Olympian Waneek Horn-Miller shares her journey of turning trauma to triumph.
Thirty years ago, the nation watched a 78-day standoff between the Kanesatake, Kahnawake and Akwesasne communities in Quebec and the Canadian military. The standoff was because a proposed golf course expansion would encroach on traditional Mohawk territory; it became known as the Oka Crisis. During the crisis an officer was killed, and a teenager stabbed. It is a flashpoint in Canadian history and a marker of Indigenous and non-Indigenous relations in our country.
That teenager was Waneek Horn-Miller. She was 14-years old when she was stabbed by a soldier’s bayonet, while holding her four-year-old sister. Horn-Miller went on to represent Canada at the 2000 Sydney Olympics, as the co-captain of the water polo team.
Horn-Miller shared her inspiring story at The Foundation’s Vital Conversation, Turning Trauma to Motivation – Building Strength, Confidence and Community: The Journey of Olympian Waneek Horn-Miller. It was held in February at Manitoba Theatre for Young People and included two sessions, an afternoon meet-and-greet with youth, and a sold out evening event for the public.
Horn-Miller overcame post-traumatic stress disorder, thanks to the love and support of her family. She also shared her belief in Kanoronhkwatshera, a concept and philosophy that means love is the ultimate power. She described her journey as an athlete, and how the gentle encouragement of her mother Kahn-Tineta Horn gave Horn-Miller the drive to become an Olympian.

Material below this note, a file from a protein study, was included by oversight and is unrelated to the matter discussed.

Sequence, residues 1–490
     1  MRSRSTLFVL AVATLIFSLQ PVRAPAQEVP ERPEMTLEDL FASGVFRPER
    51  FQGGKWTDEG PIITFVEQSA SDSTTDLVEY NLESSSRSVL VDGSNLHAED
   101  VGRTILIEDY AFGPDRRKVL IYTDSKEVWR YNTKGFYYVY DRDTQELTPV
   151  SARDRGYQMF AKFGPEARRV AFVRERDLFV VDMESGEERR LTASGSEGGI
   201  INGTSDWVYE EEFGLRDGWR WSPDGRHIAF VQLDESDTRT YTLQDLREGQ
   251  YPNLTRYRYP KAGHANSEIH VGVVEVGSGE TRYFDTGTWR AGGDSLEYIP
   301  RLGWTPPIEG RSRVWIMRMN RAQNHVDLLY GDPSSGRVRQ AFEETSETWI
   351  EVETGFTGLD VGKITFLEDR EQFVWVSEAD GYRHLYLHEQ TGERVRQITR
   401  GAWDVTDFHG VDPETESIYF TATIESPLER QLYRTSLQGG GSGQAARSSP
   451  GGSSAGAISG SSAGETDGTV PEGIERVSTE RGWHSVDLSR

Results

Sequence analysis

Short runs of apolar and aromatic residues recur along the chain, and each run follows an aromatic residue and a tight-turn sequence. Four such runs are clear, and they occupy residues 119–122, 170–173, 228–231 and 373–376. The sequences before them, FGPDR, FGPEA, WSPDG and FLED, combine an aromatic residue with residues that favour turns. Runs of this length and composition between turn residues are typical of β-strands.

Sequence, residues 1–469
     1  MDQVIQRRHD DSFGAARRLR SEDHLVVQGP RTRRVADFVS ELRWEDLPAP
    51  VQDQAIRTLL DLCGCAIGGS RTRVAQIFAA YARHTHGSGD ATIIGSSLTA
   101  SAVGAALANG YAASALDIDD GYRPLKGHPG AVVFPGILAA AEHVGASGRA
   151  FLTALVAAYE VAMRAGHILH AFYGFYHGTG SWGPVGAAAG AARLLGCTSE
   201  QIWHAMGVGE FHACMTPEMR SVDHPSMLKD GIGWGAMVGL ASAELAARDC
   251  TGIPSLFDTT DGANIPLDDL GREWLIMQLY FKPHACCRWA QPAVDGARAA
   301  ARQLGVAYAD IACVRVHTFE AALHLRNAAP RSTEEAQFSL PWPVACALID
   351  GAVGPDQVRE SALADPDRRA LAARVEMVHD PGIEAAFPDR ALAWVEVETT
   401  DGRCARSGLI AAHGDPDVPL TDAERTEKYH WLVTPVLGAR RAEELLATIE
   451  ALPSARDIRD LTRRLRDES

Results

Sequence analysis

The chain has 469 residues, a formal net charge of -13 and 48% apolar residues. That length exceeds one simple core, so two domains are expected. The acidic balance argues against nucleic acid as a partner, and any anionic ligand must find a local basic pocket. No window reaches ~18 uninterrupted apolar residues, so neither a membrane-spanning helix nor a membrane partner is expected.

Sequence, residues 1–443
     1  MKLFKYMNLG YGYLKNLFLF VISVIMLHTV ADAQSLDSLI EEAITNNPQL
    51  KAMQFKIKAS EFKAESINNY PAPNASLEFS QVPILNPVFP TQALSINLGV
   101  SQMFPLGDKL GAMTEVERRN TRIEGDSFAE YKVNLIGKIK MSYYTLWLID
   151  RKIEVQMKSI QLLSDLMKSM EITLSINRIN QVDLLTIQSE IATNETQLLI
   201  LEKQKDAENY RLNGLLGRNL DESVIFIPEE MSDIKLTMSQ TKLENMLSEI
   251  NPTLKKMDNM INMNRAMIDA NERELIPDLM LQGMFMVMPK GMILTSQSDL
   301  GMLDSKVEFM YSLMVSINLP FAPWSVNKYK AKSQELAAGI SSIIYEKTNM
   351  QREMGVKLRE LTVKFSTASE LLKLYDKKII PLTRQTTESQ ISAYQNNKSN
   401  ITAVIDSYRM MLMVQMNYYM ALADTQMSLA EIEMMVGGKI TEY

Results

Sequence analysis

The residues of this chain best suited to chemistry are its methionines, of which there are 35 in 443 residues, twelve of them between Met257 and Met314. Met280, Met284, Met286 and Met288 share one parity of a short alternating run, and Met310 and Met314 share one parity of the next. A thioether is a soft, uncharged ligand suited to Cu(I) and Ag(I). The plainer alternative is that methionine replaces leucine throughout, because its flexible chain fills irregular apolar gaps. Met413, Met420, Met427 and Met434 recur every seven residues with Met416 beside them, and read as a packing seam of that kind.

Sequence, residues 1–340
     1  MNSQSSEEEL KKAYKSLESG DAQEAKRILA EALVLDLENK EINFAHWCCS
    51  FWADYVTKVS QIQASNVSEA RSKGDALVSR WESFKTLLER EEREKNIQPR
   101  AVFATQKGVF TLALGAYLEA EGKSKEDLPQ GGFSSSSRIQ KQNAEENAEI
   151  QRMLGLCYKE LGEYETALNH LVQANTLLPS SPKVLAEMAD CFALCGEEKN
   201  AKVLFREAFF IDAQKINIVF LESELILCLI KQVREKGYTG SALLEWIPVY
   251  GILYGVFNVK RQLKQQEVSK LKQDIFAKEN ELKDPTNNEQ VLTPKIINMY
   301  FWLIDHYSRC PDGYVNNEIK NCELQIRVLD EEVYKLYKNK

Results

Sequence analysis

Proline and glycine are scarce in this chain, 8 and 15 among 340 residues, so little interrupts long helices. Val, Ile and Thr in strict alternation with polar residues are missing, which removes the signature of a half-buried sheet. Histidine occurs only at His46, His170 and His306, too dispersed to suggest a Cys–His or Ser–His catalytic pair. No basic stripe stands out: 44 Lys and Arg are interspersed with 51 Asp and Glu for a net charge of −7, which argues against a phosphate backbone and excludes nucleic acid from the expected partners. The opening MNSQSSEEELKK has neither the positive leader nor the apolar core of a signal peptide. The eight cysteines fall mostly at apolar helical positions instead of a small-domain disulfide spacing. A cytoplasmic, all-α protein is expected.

“A women’s power to make change is endless when she fights to empower those around her,” Horn-Miller says.
She closed her keynote by talking about reconciliation in Canada, about how reconciliation is not a destination but a way of being, and how human rights are the responsibility of all humanity.
“If we want reconciliation, for ourselves and our children, we need to have hard conversations, build common ground, and really listen to each other.”
The Winnipeg Foundation presented this Vital Conversation in partnership with the Winnipeg Aboriginal Sport Achievement Centre and the Manitoba Aboriginal Sports and Recreation Council. Vital Conversations convene citizens on issues of importance, as determined by the community. They were born out of the community’s enthusiastic response to sessions held as a part of Winnipeg’s 2017 Vital Signs® initiative.
This story is featured in the Spring 2020 issue of our Working Together magazine. Download or view the full issue on our Publications page.